I chose Lautner and Fitzgerald for two reasons. First, it focuses on issues of class in a balanced way. It doesn’t just focus on poverty and the poor or on urban issues. Class transcends the rural/urban split or the black/white split. Second, as you’ll see, the sources themselves are remarkably broad. Students doing a quick skim of the table of contents and will see some names they recognize, and I’m willing to bet a nickle, maybe two, that some of these would not have been expected.
Finally, for something completely different, a mystery novel, by Richard Price. Samaritan also is not the standard fare one finds in typical University courses. I hope class members are going to find this book interesting. I chose it because it presents variety of characters interacting in ways which bring issues of class and race to the fore. Be warned in advance that the language is a little raw, and the story, if brought to the screen faithfully, would receive an X rating.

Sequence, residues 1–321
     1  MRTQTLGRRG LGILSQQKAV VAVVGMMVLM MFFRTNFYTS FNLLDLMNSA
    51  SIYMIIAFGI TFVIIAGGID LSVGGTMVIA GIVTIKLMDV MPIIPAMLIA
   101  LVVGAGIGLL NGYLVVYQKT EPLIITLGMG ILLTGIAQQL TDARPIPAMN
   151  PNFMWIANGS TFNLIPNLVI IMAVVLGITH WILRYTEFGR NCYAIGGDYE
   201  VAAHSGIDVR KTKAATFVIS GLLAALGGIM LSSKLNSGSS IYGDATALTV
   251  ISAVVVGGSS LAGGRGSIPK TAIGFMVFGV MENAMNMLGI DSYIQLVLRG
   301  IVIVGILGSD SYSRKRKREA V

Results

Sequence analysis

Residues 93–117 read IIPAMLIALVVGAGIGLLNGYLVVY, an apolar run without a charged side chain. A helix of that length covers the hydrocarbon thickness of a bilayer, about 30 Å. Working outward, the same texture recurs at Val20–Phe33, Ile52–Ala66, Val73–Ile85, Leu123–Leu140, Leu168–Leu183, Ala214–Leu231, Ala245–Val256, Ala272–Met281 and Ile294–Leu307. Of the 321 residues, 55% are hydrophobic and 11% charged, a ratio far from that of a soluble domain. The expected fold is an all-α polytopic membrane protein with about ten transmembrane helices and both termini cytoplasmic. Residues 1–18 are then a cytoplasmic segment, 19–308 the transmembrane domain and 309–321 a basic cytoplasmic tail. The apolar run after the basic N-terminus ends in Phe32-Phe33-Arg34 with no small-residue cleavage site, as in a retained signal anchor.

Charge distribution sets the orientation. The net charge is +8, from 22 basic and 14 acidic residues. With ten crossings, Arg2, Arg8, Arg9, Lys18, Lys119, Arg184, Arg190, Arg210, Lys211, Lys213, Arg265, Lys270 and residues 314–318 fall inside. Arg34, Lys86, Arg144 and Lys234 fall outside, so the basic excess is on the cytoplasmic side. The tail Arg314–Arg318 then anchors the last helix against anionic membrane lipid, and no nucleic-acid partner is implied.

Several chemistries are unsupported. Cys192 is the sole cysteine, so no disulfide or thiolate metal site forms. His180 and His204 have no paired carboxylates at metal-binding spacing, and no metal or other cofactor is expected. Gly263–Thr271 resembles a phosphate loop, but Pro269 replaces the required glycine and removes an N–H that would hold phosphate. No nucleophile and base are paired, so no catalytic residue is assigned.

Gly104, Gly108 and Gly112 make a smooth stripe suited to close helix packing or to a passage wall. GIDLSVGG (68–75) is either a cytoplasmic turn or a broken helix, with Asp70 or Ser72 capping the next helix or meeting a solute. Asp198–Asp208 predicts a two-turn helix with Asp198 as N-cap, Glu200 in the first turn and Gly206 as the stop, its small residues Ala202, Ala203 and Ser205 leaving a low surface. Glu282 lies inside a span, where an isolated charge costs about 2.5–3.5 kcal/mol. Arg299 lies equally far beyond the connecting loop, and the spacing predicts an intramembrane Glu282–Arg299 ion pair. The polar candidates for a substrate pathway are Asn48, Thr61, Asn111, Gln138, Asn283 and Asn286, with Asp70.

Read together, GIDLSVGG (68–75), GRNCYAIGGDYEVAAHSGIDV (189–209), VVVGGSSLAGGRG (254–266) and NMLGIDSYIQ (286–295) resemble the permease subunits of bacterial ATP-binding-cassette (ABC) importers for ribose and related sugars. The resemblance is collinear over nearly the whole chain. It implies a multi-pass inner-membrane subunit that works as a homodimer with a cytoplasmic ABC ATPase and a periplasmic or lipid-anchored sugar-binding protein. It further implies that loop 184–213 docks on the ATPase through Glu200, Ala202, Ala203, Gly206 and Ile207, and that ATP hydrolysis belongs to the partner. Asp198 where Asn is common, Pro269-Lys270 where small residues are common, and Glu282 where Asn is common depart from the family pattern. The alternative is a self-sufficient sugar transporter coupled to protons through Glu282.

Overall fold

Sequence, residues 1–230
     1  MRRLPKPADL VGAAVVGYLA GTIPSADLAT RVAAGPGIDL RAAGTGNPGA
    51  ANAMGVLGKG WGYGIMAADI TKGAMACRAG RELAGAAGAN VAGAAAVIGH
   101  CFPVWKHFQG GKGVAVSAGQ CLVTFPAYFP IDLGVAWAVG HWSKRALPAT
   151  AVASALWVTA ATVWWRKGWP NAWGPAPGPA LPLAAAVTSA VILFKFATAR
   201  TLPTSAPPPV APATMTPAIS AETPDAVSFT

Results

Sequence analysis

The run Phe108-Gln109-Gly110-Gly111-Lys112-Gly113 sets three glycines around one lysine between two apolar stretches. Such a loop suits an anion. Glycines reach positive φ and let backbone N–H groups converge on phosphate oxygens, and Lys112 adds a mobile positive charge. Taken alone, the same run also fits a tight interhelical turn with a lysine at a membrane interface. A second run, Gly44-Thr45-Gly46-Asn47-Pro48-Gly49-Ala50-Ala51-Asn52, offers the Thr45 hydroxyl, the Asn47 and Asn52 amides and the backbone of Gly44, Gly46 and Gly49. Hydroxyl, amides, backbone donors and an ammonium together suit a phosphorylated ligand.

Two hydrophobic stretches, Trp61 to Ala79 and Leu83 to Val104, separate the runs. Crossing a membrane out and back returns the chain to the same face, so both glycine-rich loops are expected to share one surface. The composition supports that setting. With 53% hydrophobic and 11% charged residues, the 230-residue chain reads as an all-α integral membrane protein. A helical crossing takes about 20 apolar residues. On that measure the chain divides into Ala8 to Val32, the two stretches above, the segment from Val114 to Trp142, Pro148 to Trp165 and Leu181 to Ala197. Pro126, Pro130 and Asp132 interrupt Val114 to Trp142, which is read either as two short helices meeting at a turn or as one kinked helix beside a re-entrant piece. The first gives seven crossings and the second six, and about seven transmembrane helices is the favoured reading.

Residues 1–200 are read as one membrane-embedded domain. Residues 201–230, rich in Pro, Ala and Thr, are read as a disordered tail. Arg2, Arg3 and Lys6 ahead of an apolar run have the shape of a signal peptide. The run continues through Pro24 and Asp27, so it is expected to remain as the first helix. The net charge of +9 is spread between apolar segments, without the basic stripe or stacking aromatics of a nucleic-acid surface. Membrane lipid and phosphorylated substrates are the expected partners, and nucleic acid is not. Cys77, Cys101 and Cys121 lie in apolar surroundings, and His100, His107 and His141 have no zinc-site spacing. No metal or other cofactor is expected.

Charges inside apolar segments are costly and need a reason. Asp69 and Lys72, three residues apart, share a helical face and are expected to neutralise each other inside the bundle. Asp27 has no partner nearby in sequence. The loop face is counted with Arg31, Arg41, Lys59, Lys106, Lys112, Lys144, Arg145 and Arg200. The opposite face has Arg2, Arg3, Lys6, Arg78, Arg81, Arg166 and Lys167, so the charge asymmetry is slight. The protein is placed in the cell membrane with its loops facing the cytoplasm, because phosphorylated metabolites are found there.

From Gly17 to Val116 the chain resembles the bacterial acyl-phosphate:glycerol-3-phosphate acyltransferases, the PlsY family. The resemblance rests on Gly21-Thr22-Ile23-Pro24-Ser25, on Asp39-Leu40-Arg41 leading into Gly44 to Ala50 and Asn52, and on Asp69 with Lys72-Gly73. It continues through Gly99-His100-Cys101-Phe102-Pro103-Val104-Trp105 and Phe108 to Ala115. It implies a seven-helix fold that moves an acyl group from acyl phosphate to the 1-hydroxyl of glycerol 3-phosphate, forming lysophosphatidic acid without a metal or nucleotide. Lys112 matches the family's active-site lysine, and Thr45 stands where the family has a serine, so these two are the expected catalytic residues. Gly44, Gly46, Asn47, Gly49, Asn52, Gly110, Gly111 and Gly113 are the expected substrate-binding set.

After the first couple of weeks we’ll be working in all books pretty much simultaneously. I want you to begin Price immediately, and have it finished before we bring it before the class for discussion. It isn’t a difficult read. I’ll have specific instructions for you on it shortly.
Work for the Course.